Transformational Approach to Managing Major Depressive Disorder Among College Students from Rural Communities
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1141 S 7TH ST, Saint Louis, MO, 63104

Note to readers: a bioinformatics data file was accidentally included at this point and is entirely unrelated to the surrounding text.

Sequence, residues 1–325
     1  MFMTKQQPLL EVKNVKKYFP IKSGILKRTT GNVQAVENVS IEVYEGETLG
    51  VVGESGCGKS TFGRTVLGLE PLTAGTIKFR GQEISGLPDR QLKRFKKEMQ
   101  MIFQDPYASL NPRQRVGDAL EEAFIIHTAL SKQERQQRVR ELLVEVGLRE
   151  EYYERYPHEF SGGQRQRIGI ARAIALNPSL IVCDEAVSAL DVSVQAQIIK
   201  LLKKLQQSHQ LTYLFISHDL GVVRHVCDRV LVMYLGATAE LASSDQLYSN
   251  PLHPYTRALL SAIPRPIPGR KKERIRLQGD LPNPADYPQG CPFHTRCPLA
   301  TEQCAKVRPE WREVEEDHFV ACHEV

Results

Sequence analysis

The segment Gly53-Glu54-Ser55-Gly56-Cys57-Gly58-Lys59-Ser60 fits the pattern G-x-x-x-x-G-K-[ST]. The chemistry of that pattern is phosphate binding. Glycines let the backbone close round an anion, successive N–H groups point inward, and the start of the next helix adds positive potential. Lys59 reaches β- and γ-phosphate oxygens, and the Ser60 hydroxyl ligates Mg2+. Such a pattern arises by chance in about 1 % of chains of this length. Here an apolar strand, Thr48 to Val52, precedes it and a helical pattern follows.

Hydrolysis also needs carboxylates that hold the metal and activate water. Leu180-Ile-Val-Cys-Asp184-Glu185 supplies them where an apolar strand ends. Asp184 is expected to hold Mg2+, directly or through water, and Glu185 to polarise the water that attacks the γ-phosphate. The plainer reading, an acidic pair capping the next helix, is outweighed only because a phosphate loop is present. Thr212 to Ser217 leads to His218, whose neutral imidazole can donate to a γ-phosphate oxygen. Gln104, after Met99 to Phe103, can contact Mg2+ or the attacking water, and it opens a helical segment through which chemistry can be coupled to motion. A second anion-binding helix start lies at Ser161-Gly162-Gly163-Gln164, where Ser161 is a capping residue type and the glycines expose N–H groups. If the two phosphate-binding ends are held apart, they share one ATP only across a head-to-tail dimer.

AbstractRural college students have a significant need for improved quality and efficiency mental health services for Major Depressive Disorder. Iconic Health proposes to address this need by building upon the HomePsych communication platform, integrating a process whereby mobile symptom reporting is visually formatted for enriched understanding by mental health professionals. The HomePsych communication platform was developed, validated and commercialized in rural communities primarily through prior USDA funding with Phase I and II SBIR awards. In its current incarnation, HomePsych represents a transformative approach to mental health care delivery in two primary ways. One, this platform integrates a mental health record keeping system with a video telepsychiatry system. Two, it optimizes mental health care by enriching the provider's understanding of the patient by leveraging Web 2.0 technology to efficiently collect information from the patient and presents it effectively to the provider. By making patient information quickly accessible and understandable to the provider, HomePsych has improved the process of mental health care provision. With the current HomePsych system, patients log into the secure online patient portal to provide progress reports and complete ongoing rating scales for symptoms of mental illness. Iconic Health proposes to expand the patient's interface, developed beyond its current Internet browser interface to an iPhone mobile application to allow frequent reports of psychological symptoms as they occur, as well as events and behaviors relevant to treatment of depression. This method of data collection, often referred to as ecological momentary assessment (EMA; Stone & Shiffman,1994), allows the collection of real time data while the individual is in his or her natural environment. EMA is presently used as a research tool for studying mood swings, but, to our knowledge, has never been integrated into an electronic health record for ongoing assessment and treatment of mood disorders by psychiatrists. The expected benefits for college students from rural areas suffering from Major Depressive Disorder are significant and broad reaching. Through enhancing mental health providers' understanding of their symptoms in context, college students will receive more accurate diagnosis and optimized medication management, which will lead to quicker recovery from depressive episode and more effective prevention of future depressive episodes in this vulnerable population. The anticipated end benefits for rural college students are improved quality of life, higher collegiate achievement, fewer dropouts, fewer suicides.
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